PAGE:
Jennifer Lawrence’s performance as Miracle Mop inventor and QVC pitchwoman Joy Mangano glues the movie together, but it threatens to unravel at any time. Lawrence, 25, looks genuinely surprised when complimented about how unchanged she seems from our earlier interviews before the fame and Oscars. “But there would be no reason to change,” she says with a shrug. “I just have a job and I love my job. In the film, Lawrence’s Mangano is a colourful character, a single mom with a unique relationship and friendship with her ex-husband, and an enterprising woman who parlays her creativity into an incredibly successful business.

Mom (Virginia Madsen) stays in her bedroom and watches soap operas, until she falls for a Haitian plumber (Jimmy Jean-Louis) who fixes a hole in her bedroom floor. She landed minor roles on TV shows such as Monk, Cold Case and Medium before her 2010 indie film Winter’s Bone led to her becoming the second youngest best actress Oscar nominee in history. This is true even when the film tilts off its rocker with a bit of Russell-esque madness built into the screenplay, and with the director failing to always keep the energy going. That resulted in not only a string of critically acclaimed films, an Academy Award and another Oscar nomination, but also her very own mega-franchise as Katniss Everdeen in The Hunger Games.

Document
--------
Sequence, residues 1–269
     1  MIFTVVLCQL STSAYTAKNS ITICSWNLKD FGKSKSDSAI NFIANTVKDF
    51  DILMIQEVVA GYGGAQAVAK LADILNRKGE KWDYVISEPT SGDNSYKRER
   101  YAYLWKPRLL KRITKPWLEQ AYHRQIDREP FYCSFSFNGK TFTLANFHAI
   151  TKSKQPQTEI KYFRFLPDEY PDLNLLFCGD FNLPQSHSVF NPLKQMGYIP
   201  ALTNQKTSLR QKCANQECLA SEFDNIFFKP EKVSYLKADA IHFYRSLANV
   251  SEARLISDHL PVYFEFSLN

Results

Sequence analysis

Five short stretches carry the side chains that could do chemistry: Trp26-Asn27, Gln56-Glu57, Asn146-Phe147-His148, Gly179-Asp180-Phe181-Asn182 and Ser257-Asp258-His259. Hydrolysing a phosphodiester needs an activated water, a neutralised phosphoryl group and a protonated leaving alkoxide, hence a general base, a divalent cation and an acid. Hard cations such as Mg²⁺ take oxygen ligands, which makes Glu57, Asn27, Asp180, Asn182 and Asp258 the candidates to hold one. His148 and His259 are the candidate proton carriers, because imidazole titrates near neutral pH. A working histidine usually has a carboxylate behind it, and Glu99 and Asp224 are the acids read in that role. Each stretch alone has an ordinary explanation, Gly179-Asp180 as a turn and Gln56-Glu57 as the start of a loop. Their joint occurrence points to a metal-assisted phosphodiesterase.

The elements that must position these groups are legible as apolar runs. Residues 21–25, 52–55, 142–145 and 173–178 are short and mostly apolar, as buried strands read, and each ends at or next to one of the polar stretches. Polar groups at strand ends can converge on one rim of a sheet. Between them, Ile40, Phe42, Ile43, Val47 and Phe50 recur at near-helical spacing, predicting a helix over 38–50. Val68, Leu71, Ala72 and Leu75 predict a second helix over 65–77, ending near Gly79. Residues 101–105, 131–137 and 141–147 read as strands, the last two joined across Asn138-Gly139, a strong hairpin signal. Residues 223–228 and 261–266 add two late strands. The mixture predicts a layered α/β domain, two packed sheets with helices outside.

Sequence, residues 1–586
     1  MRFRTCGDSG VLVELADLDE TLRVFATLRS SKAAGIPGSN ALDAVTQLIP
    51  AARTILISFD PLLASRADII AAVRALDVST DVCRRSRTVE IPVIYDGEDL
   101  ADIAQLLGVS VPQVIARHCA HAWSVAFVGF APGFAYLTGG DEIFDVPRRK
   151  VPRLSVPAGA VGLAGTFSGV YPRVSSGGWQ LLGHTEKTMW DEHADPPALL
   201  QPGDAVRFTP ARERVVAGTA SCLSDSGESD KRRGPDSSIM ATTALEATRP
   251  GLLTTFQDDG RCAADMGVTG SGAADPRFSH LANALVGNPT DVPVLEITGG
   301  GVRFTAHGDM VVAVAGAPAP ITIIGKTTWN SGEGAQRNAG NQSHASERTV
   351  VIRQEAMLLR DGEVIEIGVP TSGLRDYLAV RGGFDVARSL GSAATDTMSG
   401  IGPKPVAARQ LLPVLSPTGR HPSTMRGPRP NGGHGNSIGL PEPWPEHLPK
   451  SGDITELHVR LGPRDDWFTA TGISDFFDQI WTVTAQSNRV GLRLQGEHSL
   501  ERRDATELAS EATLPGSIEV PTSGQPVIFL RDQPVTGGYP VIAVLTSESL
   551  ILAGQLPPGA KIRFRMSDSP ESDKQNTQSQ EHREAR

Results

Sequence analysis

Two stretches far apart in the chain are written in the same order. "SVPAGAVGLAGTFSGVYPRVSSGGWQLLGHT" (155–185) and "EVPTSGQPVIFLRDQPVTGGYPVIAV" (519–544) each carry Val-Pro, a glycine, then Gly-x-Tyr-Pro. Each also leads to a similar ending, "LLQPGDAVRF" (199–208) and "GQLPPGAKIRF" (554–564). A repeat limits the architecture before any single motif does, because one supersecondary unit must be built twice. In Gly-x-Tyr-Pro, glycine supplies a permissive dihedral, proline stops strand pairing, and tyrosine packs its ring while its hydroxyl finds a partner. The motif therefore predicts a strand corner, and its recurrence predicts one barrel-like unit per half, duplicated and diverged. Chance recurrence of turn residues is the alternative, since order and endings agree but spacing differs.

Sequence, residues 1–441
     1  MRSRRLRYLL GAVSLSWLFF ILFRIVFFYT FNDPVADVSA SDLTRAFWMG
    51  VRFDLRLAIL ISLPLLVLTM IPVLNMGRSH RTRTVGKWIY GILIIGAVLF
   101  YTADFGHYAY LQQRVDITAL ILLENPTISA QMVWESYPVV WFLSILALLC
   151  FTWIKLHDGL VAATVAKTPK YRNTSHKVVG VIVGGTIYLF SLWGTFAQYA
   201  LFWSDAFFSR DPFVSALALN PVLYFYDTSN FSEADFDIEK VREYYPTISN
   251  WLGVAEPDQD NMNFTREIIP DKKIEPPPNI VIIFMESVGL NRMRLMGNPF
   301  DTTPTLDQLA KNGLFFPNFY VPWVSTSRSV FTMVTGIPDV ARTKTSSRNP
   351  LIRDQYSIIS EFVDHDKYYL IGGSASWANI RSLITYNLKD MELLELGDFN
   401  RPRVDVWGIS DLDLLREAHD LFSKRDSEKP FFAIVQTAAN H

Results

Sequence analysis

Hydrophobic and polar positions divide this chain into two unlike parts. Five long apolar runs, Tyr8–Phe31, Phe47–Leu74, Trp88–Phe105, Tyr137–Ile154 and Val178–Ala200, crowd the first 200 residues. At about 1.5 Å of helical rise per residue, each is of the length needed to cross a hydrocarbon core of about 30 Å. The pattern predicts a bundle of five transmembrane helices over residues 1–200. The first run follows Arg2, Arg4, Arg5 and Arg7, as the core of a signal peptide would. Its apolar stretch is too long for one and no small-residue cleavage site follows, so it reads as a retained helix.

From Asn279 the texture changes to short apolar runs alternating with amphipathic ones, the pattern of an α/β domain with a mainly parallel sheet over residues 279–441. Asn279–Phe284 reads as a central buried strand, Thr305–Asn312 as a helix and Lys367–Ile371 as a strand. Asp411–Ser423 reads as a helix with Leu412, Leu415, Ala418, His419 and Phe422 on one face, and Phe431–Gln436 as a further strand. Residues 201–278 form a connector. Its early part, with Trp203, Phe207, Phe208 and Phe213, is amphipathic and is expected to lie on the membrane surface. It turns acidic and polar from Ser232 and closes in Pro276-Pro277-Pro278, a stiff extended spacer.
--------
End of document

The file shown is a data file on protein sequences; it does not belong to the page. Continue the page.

Joy’s grandma (endearing Diane Ladd) delivers messages of empowerment and smooths over constant fights, but she’s opposed by the money-grubbing rich woman (Isabella Rossellini) who dates Joy’s dad and sends negative messages about her. Lawrence’s endearing habit of speaking her mind resulted in a controversial essay she penned on Lena Dunham’s website about her discovery during the Sony hacks that she was being paid less “than the lucky people with dicks” on her recent films, including American Hustle. “I completely understand when people say actors shouldn’t talk about politics and things they don’t know about, but this was my gender at stake and it was being threatened with unfairness and I thought, ‘What is the point of having this voice if it’s not to speak out for myself and for everyone else who can’t?’,” she says unapologetically.